Each year during the entire month of May (and into June for some exhibits), the Scotiabank Contact Photography Festival is held throughout downtown Toronto, displaying photographic works in art galleries, museums, restaurants, coffee shops, stores and even on exterior walls of buildings. One of the biggest concentration of locations hosting this event can be found along Queen and King Streets from Spadina Ave. to Gladstone Ave. and this was the area that we concentrated on while partaking in this festival. Below are descriptions of some of the highlights of our tour.
The most interesting exhibit was called Cutlines, which is held in the currently vacated and soon-to-be-demolished Globe and Mail Press Hall. The exhibit consists of a selection of 175 Cold War-era (1940s-1990s) photos from the Globe and Mail Archives out of a possible 750,000 print images still in storage. Unfortunately due to the shift to technology and digital images in the declining newspaper industry, the majority of these historic gems may eventually be destroyed. When I first saw the photos and noticed the bright orange "cropping" lines drawn on them, I initially thought that the term "cutline" referred to them. In fact, the term actually refers to the captions or words that the photographer writes on the back of a photo, giving newspaper editors initial indication of what he was trying to capture.
Especially fascinating about this exhibit was the illustration of manual photo-processing techniques that we have since taken for granted in our post-Photoshop world. This included the physical markings on the images to indicate desired cropping, the highlighting or outlining of various parts of the photo to make them pop (see the creases and collar of the man's suit jacket), and a technique called "rubylith" which uses a type of masking film to transform part of the image into an reddish-orange colour.
Some photos used airbrushing techniques to eliminate unwanted portions of a photo. In keeping with the Globe and Mail's policy of not printing "sensationalized" images, the 1948 photo of gunned-down robber was requested to be cropped and airbrushed to remove his body and only show the safe that he was trying to crack. You can see the line drawn on the image and the word "Out" written on it. Another photo looked like "white-out" or "liquid paper" was applied to obscure whatever was in the background, behind the group of people in the foreground. One photography technique which we learned from this display was to ask the subject to point at something, in order to put them at ease and allow the pose to appear more natural.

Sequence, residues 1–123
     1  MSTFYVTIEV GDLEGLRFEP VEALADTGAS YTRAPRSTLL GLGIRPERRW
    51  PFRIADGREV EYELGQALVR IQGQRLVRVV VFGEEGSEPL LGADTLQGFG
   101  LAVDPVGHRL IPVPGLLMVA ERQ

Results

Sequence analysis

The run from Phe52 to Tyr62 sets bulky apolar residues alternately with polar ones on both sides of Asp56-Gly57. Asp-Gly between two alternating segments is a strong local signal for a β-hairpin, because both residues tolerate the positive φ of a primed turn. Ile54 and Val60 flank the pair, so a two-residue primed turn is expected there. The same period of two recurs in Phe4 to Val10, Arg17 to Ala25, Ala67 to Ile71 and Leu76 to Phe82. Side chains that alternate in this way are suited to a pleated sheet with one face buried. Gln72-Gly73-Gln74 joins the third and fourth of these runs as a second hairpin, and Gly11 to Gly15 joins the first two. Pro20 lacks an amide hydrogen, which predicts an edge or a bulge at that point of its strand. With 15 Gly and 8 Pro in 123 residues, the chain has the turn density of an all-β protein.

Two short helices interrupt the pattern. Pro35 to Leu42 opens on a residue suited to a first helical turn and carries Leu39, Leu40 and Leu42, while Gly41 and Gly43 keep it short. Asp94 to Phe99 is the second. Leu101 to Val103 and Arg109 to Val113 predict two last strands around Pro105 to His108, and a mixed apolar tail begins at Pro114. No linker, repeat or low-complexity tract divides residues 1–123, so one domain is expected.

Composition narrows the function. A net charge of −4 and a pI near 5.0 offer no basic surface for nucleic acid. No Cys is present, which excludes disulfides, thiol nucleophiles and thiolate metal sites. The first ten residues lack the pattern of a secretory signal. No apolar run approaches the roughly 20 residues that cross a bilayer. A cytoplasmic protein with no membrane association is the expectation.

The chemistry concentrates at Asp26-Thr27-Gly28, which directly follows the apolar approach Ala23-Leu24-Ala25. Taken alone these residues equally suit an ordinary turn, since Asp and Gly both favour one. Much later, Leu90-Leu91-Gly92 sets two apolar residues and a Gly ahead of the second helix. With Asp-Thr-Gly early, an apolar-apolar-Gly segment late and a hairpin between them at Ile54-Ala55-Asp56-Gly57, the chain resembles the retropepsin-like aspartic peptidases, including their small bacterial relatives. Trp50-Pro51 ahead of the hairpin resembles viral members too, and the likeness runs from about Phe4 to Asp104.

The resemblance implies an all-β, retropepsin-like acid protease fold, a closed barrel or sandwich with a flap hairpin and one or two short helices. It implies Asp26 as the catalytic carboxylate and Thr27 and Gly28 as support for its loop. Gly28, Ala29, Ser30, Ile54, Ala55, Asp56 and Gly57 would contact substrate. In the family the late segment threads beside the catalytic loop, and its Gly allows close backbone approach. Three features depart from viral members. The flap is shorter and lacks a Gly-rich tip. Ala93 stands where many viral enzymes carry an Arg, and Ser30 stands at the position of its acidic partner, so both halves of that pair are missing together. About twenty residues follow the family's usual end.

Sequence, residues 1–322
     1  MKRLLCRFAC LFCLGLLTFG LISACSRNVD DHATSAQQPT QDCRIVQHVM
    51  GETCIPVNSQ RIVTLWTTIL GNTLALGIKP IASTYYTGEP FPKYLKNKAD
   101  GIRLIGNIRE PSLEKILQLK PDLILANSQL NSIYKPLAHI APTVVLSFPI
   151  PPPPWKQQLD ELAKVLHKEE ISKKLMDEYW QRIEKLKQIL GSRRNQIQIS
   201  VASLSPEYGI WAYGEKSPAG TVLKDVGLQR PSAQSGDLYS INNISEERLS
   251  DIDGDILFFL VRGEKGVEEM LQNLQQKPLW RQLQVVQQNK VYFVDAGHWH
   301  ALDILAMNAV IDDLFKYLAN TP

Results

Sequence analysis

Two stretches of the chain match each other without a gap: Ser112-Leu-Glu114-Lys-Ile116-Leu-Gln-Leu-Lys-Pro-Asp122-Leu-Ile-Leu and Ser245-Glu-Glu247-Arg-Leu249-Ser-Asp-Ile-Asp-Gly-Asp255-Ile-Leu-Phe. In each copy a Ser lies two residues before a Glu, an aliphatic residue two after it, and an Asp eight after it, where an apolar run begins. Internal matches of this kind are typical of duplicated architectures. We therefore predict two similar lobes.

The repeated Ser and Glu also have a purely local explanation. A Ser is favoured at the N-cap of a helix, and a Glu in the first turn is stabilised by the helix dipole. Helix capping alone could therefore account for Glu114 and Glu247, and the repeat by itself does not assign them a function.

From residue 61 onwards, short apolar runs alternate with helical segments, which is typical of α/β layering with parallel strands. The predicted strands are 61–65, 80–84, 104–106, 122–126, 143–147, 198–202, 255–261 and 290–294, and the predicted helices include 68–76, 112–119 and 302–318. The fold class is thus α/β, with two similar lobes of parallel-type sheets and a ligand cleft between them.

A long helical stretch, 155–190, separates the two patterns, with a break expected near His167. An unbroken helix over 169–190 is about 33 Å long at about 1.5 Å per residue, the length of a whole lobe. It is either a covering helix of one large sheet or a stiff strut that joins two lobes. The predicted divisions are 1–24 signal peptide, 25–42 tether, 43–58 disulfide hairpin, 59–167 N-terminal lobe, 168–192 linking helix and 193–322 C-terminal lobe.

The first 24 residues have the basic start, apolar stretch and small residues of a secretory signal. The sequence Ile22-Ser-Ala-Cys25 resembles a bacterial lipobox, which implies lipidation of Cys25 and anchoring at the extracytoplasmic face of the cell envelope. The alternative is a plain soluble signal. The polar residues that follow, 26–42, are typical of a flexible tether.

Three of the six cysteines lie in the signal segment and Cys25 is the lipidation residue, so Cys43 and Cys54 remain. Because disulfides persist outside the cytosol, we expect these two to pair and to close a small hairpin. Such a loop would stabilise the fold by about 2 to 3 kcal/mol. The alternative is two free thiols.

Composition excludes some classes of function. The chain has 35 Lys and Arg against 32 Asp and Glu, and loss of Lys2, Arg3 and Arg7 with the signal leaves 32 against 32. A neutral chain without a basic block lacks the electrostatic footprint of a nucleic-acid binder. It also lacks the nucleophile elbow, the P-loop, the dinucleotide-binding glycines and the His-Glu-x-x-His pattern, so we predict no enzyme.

In addition to the print photos displayed in the glass cases, there were also digitized images broadcast on the walls of the old building. Shot after shot appeared, providing a glimpse into Toronto's recent past. Following our tour of the Globe and Mail Press Archives, we headed towards 401 Richmond, a complex that contains multiple art galleries, several of them participating in the Contact Photography Exhibit.
The Red Head Gallery had a fascinating exhibit by Gabrielle de Montmollin called "We Shall See What We Shall See" which depicts Canadian images in "lenticular" style by layering 3 photos on top of each other so that the image shifts and transforms as you move across it and view it from left to right. The majority of the photos deal with Jian Ghomeshi and his court trial. An image of Ghomeshi in a suit entering the courthouse morphs into a fashion photo of a man choking a woman. The image of "Big Ears Teddy" morphs into the words "Big Ears Teddy should not see this".
Another gallery had an exhibit called "Jane at Home" which might have been on display in conjunction with the "Jane's Walks" weekend since it was a museum of photos and artifacts in tribute of journalist, author and activist Jane Jacobs. In addition to photos of her in her Toronto home and with her children and grandchildren, we saw a recreation of her study and writing desk, as well as personal items such as her iconic glasses and a "hearing horn", the sight of which mostly caused people to speak louder as opposed to actually amplifying the voices.